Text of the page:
Real issue is on FMV and convertibles

Broadly, there are two grey areas for start-ups in the angel tax announcement. Firstly, on FMV calculation; there is a formula agreed upon, but discretion is inevitable. There are factors like preferential exit, anti-dilution deals and substantial control, which influence the premium to FMV. These will be very subjective areas. The second concern is convertibles. Start-ups often sell stakes to global investors via convertible debt or convertible preference shares. Even if the conversion ratio was agreed upon earlier and the conversion happens after March 2023, they would still be covered by angel tax provisions and grandfathering will not apply. In short, one can expect a spate of legal disputes in this area.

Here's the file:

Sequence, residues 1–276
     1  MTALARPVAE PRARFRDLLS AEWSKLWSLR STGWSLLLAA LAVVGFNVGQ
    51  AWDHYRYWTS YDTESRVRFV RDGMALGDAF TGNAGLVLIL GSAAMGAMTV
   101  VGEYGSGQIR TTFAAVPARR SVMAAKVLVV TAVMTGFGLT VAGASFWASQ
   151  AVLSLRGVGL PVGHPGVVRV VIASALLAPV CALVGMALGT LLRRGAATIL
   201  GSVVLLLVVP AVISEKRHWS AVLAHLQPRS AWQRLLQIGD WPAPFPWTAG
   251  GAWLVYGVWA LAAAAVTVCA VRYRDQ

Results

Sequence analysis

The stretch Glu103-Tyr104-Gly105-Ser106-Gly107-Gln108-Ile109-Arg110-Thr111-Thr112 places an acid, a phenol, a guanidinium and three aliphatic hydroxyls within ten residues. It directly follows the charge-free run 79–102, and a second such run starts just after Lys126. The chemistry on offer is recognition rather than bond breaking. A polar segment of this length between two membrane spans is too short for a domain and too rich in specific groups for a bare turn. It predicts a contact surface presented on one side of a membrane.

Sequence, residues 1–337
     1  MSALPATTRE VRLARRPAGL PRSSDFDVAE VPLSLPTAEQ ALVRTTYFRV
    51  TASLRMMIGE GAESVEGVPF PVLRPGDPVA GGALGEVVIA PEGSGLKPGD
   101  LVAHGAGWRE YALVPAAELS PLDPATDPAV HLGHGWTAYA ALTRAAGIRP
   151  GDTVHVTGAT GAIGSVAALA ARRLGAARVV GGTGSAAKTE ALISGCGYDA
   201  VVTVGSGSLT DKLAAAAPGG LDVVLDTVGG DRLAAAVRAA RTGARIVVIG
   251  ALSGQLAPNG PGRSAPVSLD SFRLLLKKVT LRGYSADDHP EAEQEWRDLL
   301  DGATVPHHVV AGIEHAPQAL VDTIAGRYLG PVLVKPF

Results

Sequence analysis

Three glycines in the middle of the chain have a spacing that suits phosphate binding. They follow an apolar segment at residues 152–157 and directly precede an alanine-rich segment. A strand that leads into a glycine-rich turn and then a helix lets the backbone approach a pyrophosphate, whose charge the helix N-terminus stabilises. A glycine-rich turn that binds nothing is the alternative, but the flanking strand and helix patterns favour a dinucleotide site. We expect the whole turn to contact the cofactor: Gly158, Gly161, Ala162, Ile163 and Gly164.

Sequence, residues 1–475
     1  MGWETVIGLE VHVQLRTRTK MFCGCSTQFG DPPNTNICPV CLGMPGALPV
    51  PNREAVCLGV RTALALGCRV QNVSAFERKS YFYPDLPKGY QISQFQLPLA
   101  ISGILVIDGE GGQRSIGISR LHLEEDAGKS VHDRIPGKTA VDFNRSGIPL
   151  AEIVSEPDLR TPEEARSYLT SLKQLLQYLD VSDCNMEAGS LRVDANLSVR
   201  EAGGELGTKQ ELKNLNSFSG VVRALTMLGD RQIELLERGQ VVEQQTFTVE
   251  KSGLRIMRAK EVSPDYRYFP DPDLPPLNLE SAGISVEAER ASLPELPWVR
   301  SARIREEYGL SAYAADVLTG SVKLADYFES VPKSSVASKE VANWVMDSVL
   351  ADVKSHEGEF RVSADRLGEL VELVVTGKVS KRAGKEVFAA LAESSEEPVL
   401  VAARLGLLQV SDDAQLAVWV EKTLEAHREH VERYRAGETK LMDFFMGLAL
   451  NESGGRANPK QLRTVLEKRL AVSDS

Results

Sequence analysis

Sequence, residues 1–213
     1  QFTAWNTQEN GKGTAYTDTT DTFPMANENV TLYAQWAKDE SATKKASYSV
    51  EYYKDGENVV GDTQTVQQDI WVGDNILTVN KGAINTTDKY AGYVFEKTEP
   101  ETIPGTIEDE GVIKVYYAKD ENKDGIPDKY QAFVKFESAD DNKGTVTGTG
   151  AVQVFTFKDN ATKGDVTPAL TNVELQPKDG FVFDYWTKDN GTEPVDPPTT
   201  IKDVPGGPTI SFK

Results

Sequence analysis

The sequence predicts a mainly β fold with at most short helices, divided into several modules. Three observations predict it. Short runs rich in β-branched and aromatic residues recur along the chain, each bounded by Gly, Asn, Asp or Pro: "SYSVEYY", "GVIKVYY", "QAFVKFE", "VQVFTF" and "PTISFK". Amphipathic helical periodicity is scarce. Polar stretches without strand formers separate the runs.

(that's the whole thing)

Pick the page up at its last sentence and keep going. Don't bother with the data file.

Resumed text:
There is also a positive side to angel tax

One concern is that the angel tax may force Indian start-ups to shift domicile to more friendly nations like Singapore or UAE. However, there is a positive side to angel tax. Remember, sound and solid regulation has generally been conducive to the orderly growth of markets. Most advanced Western nations have refused to compromise on compliance. While India surely needs a robust start-up ecosystem; it cannot be at the cost of compliance. More than the idea of angel tax, it is the hounding that India needs to be cautious about.